Physical therapists work in a variety of setting and with a wide range of patients. They examine and diagnose each patient with the goal of helping them to move, reduce pain, improve function, and prevent further injury. A therapist’s management plan for knee osteoarthritis will usually involve a series of exercises designed to strengthen the anatomy surrounding your knee. They will help your muscles get strong and stay loose.
This is a continuation of our series on the Osteoarthritis Research Society International (OARSI) recommendations for the management of hip and knee osteoarthritis published in the Journal of Osteoarthritis and Cartilage.
Physical Therapy may help patients with symptomatic hip and knee osteoarthritis.
Physical therapists will evaluate patients and instruct them on appropriate exercises to increase function and decrease pain in patients with hip and knee osteoarthritis.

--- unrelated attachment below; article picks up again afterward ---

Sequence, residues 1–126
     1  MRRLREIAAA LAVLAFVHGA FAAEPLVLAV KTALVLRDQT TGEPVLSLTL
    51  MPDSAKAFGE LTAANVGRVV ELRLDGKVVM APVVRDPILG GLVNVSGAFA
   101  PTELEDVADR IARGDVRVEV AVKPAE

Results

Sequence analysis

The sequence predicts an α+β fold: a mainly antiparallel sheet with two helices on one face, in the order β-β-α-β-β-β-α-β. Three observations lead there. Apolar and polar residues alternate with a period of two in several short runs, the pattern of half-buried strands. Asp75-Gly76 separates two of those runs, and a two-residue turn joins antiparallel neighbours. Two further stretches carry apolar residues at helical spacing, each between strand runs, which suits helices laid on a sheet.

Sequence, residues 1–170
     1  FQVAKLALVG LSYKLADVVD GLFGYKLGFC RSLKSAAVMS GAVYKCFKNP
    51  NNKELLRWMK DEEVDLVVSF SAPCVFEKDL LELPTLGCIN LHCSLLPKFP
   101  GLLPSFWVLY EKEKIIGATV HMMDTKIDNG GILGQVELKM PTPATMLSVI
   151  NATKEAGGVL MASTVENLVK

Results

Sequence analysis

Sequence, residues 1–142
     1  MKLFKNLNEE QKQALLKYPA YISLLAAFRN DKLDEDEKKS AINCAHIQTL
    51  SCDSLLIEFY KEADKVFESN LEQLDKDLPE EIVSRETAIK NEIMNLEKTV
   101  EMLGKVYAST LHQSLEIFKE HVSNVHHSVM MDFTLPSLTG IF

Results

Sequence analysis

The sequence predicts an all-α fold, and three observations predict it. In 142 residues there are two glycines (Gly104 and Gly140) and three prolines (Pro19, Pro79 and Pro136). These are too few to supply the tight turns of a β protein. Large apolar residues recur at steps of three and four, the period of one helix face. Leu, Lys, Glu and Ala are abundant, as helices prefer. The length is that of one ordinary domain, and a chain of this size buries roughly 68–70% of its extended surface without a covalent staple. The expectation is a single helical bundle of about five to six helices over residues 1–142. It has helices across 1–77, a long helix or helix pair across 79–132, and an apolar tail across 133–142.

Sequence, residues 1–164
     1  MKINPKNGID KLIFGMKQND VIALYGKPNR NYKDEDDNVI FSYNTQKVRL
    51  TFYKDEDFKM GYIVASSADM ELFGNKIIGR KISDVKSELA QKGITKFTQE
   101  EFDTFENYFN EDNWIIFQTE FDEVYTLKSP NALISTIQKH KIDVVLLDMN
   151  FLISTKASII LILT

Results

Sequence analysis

This recommendation is based mostly on expert opinion. Referrals for physical therapy were recommended by 100% of the research team. However three randomized clinical trials also supported referrals to physical therapy as an effective osteoarthritis treatment option.
The research team gave this treatment option a Strength of Recommendation score of 89%.W. Zhang Ph.D., Moskowitz M.D., et al. OARSI recommendations for the management of hip and knee osteoarthritis, Part II: OARSI evidence-based, expert consensus guidelines. Osteoarthritis and Cartilage. (2008) 16, 137-162.
Physical Therapy has been proven to relieve pain and stiffness as effectively as knee surgery. A recent study published in the New England Journal of Medicine can be added to the laundry list of science that supports physical therapy has an effective osteoarthritis treatment.
Physical Therapy will generally provide a series of exercises to help improve strength, flexibility, and range of motion. Patients learn how to take care of their entire body in relation to their arthritic knee so they can minimize symptoms and perform activities of daily living with less pain.
Kirkley, BIrmingham, Litchfied, et al: A Randomized Trial of Arthroscopic Surgery for OSteoarthritis of the Knee. New England Journal of Medicine, 2008. Vol 359: 1097-1107.